The Effects of Demographic Mismatch in an Elite Professional School Setting
diverse campus environment, faculty diversity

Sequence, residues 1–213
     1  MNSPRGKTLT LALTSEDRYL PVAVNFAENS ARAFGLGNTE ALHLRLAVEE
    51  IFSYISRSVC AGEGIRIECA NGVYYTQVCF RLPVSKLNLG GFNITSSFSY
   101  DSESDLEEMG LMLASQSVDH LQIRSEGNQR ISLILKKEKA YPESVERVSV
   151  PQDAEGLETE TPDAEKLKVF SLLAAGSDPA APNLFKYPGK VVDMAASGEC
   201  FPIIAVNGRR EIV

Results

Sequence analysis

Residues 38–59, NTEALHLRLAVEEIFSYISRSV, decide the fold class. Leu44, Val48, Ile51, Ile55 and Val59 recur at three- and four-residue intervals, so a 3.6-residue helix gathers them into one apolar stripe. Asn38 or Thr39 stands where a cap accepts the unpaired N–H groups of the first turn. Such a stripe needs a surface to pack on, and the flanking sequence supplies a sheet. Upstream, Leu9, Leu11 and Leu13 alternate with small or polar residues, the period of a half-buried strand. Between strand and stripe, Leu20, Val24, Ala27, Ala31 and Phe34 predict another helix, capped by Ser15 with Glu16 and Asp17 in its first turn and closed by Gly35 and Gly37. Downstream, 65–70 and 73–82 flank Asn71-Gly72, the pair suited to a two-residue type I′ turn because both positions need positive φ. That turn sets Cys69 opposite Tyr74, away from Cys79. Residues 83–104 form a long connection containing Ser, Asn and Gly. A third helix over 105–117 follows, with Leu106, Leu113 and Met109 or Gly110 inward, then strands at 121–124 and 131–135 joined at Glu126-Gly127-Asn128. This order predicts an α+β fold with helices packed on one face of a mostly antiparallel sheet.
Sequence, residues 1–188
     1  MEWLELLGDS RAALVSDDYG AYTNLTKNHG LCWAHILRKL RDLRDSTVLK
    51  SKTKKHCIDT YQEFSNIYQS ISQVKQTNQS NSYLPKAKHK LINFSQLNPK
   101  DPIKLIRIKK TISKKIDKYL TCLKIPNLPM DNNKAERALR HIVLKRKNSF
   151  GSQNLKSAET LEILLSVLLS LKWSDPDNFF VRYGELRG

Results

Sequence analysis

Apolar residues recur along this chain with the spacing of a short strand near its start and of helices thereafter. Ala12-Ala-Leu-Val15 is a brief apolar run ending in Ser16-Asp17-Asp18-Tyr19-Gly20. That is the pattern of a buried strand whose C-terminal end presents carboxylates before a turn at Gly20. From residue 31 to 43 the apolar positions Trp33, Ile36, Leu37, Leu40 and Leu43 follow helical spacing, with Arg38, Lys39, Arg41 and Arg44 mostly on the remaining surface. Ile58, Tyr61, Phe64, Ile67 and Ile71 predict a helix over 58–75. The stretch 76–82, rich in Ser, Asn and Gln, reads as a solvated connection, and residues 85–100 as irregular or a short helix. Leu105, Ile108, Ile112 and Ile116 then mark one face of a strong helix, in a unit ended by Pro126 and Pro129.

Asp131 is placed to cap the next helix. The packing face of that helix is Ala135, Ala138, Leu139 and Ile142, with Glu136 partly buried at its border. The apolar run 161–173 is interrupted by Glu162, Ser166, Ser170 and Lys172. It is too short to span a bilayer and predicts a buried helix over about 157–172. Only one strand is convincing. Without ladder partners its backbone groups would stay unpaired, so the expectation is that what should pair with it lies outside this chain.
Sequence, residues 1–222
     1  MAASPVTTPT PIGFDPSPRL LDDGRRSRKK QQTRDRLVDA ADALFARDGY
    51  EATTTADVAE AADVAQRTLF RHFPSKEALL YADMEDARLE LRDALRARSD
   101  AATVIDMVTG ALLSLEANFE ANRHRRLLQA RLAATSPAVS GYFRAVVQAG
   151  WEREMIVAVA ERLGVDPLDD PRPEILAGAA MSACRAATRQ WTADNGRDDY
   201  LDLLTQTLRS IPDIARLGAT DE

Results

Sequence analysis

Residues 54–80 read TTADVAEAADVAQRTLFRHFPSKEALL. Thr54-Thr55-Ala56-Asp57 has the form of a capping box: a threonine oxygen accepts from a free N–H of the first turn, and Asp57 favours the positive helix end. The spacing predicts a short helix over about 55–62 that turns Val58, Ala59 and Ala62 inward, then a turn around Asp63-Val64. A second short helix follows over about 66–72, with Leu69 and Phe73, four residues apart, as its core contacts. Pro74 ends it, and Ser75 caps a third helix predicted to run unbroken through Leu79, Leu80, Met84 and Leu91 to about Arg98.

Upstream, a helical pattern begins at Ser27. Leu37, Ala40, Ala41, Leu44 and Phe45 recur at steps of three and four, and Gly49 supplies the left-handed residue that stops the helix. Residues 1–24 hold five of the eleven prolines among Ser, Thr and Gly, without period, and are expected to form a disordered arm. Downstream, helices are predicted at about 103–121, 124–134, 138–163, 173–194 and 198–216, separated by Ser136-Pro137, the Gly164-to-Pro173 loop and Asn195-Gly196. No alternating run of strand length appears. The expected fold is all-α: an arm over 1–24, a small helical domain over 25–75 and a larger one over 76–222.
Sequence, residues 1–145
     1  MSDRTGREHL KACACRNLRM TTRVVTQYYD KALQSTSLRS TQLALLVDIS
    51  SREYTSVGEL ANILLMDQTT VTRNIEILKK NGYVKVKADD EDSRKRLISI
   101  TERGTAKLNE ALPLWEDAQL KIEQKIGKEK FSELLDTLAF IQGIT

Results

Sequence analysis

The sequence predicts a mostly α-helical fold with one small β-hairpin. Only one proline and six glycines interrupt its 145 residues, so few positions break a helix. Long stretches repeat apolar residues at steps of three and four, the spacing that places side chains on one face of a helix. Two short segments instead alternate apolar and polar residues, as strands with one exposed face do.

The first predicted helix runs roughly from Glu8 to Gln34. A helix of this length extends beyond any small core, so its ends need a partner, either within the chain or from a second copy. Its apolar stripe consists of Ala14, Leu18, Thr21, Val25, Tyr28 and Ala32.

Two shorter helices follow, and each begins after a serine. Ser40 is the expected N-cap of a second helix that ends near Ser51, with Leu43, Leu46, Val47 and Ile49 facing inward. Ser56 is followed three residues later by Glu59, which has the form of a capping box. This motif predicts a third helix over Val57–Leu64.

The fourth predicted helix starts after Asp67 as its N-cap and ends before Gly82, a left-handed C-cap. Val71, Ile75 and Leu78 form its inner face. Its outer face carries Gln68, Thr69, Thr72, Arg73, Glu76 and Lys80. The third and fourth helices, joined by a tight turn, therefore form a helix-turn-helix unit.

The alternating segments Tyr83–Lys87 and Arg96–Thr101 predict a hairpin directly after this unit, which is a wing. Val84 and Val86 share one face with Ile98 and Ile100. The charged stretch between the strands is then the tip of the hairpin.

Ten years of administrative data from a diverse, private, top-100 law school are used to examine the ways in which female and nonwhite students benefit from exposure to demographically similar faculty in first-year, required law courses. Arguably, causal impacts of exposure to same-sex and same-race instructors on course-specific outcomes such as course grades are identified by leveraging quasi-random classroom assignments and a two-way (student and classroom) fixed effects strategy. Having an other-sex instructor reduces the likelihood of receiving a good grade (A or A–) by 1 percentage point (3 percent) and having an other-race instructor reduces the likelihood of receiving a good grade by 3 percentage points (10 percent). The effects of student–instructor demographic mismatch are particularly salient for nonwhite and female students. These results provide novel evidence of the pervasiveness of demographic-match effects and of the graduate school education production function.